New mortgage rules take effect today

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TORONTO – New federal rules that will cut into the purchasing power of some first-time homebuyers take effect today.

The rules involve a stress test for all insured mortgage applications to ensure the borrower can still service their loan in the event interest rates rise or their personal financial situation changes.

Until now, stress tests were not required for fixed-rate mortgages longer than five years.

The federal government is making the change to try to stabilize the country’s housing markets, particularly in cities such as Toronto and Vancouver where prices have gone through the roof.

Canadian mortgage brokers reported a flurry of borrowing last week as homebuyers tried to get in under the wire.

Toronto-based broker Matthew McKillen estimated that he was 30 to 40 per cent busier this week than during a normal week.

Here are the changes and what they mean for you:

You need to report sale of primary residence to CRA »

How mortgage insurance changes will impact you »

Fixed-rate borrowers must now qualify at the posted rate »

3 comments on “New mortgage rules take effect today

  1. A few comments, if I may.
    1 – This change will cut into the borrowing power of all buyers, not just first time home buyers.
    2 – Splitting hairs, but it was 5 years or longer. This now opens the door for competition on shorter term mortgages which may be the only benefit to buyers.
    3 – To stabilize a market (or close the barn door long after the horses are out) usually leads to more issues, often unforeseen. One that I see right out of the gate is that there are multiple unique housing markets throughout the country. Some are hot and some are cold. By shrinking the ones that are already cold you hurt those communities. Ultimately, no one cares that a market is too hot – they should care that there is limited or no affordable housing. This does nothing to change the negative impact of a “hot market” and help those priced out of the market or looking to have affordable rental accommodations.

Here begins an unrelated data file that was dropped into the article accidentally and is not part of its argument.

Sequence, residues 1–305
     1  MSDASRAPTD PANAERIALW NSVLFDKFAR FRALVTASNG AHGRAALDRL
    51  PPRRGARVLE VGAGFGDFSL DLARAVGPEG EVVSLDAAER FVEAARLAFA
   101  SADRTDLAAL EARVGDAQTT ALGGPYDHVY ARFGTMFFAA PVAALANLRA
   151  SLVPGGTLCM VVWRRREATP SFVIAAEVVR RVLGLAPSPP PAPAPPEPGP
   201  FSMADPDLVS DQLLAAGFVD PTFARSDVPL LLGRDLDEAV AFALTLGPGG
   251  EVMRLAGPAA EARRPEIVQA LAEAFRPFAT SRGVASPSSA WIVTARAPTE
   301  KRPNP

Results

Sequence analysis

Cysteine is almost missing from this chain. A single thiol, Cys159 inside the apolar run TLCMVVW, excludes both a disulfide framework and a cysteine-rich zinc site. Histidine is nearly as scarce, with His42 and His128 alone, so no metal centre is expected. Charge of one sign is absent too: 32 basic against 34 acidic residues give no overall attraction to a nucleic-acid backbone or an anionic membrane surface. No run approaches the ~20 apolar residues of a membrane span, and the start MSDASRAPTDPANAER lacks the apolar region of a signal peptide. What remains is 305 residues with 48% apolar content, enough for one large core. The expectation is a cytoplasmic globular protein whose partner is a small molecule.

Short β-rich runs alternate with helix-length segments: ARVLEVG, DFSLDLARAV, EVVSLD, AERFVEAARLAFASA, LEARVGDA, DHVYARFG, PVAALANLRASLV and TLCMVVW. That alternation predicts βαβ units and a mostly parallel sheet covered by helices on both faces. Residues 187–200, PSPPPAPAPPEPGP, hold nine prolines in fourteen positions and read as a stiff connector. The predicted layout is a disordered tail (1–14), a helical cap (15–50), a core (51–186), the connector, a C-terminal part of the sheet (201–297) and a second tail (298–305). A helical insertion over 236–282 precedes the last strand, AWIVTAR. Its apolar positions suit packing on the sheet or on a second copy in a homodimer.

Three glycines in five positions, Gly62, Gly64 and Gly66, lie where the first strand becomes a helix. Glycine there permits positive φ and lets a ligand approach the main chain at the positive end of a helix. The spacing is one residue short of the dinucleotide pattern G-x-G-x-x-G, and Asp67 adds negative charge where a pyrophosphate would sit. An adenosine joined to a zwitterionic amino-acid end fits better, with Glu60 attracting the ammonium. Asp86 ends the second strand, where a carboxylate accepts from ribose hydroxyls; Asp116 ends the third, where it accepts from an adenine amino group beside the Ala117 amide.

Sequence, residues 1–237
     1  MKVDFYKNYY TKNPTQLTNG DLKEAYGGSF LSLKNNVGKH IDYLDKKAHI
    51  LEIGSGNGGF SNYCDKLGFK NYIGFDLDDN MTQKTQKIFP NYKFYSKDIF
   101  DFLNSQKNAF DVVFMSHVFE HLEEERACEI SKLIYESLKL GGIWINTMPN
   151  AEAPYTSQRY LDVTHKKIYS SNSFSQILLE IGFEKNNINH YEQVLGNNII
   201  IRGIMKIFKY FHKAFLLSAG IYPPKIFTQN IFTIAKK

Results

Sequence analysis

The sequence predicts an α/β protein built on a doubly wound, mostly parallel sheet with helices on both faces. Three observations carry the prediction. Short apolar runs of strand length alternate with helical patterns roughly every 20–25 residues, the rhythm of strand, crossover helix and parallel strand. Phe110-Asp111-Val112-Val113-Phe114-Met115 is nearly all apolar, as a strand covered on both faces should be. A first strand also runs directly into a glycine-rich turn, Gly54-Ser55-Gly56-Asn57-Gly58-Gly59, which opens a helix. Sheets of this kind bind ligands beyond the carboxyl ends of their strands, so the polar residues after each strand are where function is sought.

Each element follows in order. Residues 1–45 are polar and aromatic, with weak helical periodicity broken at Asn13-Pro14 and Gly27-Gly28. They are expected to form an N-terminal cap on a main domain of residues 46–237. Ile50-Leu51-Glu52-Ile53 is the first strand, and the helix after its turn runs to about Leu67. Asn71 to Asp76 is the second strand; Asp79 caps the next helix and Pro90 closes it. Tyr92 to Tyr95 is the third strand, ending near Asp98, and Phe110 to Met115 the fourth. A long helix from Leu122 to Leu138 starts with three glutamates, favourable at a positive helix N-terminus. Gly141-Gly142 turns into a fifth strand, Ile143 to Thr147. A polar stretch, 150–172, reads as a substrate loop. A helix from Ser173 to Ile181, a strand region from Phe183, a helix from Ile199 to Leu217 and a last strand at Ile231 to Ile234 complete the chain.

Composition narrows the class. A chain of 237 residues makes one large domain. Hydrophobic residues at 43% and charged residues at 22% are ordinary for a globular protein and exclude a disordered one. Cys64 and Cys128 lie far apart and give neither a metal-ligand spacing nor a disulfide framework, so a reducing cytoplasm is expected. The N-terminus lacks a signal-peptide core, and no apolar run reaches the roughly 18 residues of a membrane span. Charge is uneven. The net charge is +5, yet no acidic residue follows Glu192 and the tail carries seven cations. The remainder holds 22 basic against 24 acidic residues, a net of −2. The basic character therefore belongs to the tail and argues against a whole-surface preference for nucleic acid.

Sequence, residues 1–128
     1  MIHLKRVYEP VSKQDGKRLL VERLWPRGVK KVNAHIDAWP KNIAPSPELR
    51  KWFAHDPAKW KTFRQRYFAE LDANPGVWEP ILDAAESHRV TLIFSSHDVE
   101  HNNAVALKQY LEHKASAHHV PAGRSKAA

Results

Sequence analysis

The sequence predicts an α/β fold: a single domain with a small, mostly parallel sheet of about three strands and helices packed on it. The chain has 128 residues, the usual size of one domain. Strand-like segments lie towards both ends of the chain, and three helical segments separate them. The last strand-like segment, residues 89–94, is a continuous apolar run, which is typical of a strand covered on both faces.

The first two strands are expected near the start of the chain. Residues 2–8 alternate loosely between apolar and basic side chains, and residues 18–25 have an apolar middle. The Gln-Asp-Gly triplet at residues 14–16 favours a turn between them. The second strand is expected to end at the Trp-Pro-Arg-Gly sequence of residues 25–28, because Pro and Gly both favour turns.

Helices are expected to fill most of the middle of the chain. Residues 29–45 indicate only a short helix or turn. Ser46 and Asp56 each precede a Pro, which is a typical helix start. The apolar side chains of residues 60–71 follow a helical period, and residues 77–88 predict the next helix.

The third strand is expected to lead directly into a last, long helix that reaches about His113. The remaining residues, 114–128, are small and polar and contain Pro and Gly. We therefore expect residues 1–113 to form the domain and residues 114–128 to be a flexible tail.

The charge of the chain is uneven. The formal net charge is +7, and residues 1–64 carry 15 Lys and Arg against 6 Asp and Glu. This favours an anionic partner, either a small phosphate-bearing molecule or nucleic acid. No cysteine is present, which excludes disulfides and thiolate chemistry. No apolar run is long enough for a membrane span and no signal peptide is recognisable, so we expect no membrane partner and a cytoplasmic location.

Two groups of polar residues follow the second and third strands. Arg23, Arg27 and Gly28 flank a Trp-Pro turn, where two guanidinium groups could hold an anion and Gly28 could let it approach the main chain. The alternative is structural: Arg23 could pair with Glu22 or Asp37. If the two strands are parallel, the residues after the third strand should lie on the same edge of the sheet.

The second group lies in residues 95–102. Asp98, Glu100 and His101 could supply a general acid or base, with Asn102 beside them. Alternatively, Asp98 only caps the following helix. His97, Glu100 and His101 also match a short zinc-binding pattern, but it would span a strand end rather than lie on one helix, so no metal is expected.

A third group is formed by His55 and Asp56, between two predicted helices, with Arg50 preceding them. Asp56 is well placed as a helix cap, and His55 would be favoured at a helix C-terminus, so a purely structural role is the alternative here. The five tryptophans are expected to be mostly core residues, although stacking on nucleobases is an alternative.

4. I find it ironic that Canadians want a higher dollar – but don’t want foreign money coming into Canada if they’re buying real estate. No issue with stocks, bonds, or treasuries?


  2. Lets not forget the ripple effect that the goverment put on all Canadians. From a builders point of view the ripple effect that will arise from this will be major. The 6-8% of market they say will be affected is ludicrous. It will be 90%, beacuse the 10% of the wealthy will never be affected. The ripple: The builder cannot sell their product until a customer can save enough for the larger down payment, The builder now cannot build as many homes and the sub-trades no longer have work, the suppliers and manufactures of products no longer have as many sales, the effect continues the employers to these companies start laying off employees due to lack of sales. The layoffs will be enormous. People start losing jobs, foreclosures are happening more and more. Did the finance minister comtemplate the ripple effect on his decission? This is surely not the way to stimulate an economy that is slow already. If it is just the high high end homes sales, then they should come up with a better solution for those only, and not railroad all of Canadians in believing they are doing them good for the economy.

    Pat McGaffey


  3. The housing market has been championed as the backbone to the economic recovery, but low inventory and tight lending standards have remained a drag on the sector. Some experts worry the new standards could negatively impact an already-nervous mortgage market.


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